HELENA — Montana’s requirement that utilities buy a minimum amount of renewable power, such as wind, has been an economic success, but shouldn’t be expanded, a legislative panel’s draft study says.
The report, endorsed unanimously late last month by the Energy and Telecommunications Interim Committee, says the mandate has led to new jobs, new electric generation and needed development in rural counties — and had a “negligible impact” on electric ratepayers.
Yet the report said the nine-year-old mandate, known as the “renewable portfolio standard,” should not be changed from its current level, which requires utilities to get 15 percent of their electricity from renewable sources by 2015.
Renewable sources of electricity include wind, solar and hydroelectric power.
Sen. Cliff Larsen, D-Missoula, who chairs the committee, said he thinks the standard could be increased as long as it doesn't harm other power producers or electric consumers.
But he said he joined the unanimous vote of the committee, composed evenly of Democrats and Republicans, because he agreed the RPS is achieving its goals and is adequate for now.
The panel voted to release the draft report for public comment, which is due by Aug. 20.
The committee will decide Sept. 8 whether to amend the report and submit it to the 2015 Legislature, along with a proposed bill to require utilities and electric suppliers to prepare a cost-benefit report on the mandate.
Montana’s RPS passed the state Legislature in 2005. U.S. Sen. Jon Tester, then a state senator from Big Sandy, sponsored the bill creating the mandate.
It required utilities and certain electric suppliers to get 5 percent of their electricity from renewable sources by 2008, 10 percent by 2010 and 15 percent by 2015. It also said some of the renewable-energy projects providing the power should be small, locally owned projects.
Only three entities are subject to the mandate: NorthWestern Energy, which is the state’s largest electric utility with 340,000 customers; Montana-Dakota Utilities, which serves about 25,000 people in eastern Montana, and PPL Treasure State, an electricity supplier.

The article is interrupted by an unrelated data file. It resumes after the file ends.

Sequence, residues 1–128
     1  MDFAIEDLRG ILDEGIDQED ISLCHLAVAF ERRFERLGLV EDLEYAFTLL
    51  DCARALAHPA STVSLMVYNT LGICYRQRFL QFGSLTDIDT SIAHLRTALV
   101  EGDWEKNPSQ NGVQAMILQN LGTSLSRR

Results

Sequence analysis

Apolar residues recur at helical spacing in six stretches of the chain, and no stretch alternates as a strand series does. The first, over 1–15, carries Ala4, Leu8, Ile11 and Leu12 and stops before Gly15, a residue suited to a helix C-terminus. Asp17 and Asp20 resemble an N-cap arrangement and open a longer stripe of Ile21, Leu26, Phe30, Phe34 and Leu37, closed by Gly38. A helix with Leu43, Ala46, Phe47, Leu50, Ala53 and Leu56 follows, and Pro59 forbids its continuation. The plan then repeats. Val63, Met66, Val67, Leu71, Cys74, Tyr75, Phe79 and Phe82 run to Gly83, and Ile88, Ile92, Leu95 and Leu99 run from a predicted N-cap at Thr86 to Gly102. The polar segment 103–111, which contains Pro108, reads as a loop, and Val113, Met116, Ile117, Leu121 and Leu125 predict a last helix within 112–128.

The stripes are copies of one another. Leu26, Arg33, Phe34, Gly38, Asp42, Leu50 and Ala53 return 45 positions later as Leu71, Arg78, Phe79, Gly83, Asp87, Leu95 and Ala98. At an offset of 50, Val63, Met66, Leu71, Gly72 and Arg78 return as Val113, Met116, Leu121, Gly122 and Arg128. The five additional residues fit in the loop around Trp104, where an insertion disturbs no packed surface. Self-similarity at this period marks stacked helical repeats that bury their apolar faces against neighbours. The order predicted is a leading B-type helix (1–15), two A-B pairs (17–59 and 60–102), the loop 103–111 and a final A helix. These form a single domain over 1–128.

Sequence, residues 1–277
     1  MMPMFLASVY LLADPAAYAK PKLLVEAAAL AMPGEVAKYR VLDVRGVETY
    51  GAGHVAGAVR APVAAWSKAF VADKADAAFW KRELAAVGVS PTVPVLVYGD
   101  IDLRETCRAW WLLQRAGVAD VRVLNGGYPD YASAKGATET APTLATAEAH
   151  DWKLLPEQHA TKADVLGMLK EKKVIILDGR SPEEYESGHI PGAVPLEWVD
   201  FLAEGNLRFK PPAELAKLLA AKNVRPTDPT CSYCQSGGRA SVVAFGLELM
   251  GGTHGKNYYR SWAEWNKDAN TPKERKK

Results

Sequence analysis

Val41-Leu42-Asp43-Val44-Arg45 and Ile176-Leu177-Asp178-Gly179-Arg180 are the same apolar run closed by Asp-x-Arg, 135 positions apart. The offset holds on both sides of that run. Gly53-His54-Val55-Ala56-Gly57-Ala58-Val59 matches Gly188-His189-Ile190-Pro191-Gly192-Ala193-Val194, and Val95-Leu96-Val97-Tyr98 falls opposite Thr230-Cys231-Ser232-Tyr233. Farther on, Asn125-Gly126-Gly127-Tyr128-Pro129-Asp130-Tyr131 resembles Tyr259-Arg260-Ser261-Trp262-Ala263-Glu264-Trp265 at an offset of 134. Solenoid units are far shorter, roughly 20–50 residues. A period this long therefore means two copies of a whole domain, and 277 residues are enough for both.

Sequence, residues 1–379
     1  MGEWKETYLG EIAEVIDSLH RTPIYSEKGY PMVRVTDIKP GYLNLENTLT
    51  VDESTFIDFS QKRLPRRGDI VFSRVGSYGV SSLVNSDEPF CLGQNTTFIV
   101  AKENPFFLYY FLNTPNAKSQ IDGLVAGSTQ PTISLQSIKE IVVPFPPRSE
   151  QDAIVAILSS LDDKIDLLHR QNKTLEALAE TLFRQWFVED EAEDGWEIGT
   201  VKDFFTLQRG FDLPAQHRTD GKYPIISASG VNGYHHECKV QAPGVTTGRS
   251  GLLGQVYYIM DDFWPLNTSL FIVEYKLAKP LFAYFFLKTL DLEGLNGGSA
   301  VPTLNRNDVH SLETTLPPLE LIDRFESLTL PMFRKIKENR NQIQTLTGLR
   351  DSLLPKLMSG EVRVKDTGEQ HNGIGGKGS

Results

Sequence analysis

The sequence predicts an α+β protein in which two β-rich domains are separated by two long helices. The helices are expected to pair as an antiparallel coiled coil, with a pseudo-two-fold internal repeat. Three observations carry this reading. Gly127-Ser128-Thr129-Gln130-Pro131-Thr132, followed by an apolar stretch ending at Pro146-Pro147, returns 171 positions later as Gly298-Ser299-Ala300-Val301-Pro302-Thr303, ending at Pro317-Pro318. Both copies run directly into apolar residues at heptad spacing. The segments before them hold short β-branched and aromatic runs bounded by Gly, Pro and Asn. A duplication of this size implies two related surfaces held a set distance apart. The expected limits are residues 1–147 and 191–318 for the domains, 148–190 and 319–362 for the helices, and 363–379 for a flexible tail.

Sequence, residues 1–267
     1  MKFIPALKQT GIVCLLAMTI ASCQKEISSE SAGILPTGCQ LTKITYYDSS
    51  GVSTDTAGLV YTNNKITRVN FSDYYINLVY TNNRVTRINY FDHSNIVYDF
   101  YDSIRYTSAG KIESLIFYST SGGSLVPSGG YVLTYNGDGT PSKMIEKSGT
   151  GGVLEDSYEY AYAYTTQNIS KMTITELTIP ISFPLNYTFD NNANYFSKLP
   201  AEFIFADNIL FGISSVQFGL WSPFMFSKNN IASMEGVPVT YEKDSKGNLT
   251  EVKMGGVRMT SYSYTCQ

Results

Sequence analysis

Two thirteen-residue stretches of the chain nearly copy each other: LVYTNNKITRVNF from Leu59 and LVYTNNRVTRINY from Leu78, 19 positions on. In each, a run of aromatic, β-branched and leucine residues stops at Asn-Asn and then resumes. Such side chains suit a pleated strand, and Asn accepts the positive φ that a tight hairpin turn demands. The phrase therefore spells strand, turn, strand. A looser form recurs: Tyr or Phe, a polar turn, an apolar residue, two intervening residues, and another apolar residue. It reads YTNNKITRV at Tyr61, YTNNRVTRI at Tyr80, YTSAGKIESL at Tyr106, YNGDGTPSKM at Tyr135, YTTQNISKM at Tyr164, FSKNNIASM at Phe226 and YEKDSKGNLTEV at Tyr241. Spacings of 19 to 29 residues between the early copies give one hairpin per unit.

Sen. Alan Olson, R-Roundup, who sponsored the resolution leading to the study, said this week he wanted an in-depth look at effects of the RPS, anticipating legislative efforts to repeal or expand it.
Olson voted against the 2005 bill creating the mandate and said he still doesn’t support it, but does not want it repealed because utilities have spent a lot of money on power plants and infrastructure to comply.
“I don’t think the RPS has been the panacea that then-Sen. Tester professed it would be; it hasn’t created a large number of jobs,” he said. “We don’t see any need to expand it, but at the same time there’s no need to repeal it.”
The study said 15 renewable power projects have opened in Montana since passage of the law — but that the largest one, the 135-megawat Judith Gap wind farm — had signed a contract with NorthWestern Energy before the RPS took effect.
It also said the projects created at least $423 million of investment, $1.2 million a year in property taxes, $850,000 in lease payments to landowners and 482 construction jobs, but only 26.5 full-time permanent jobs.
Claudia Rapkoch, spokeswoman for NorthWestern Energy, said the company has secured enough renewable power to meet the mandate through 2017. NorthWestern should be good until 2022 if contracted resources are built and the company gets a new 20-megawatt project from bids on a new community-based project, she added.
NorthWestern is “fine with the RPS the way it is,” she said, supporting neither a repeal nor an increase.
Jeff Fox, Montana policy manager for Renewable Northwest, a group supporting renewable power, said he finds it “a little frustrating that the study has revealed (the RPS) to be a successful policy, and there’s no appetite to change it.”
However, he said he understands the desire to leave it alone for now, given the possible, substantial changes in the state’s energy ownership and regulation of greenhouse gases.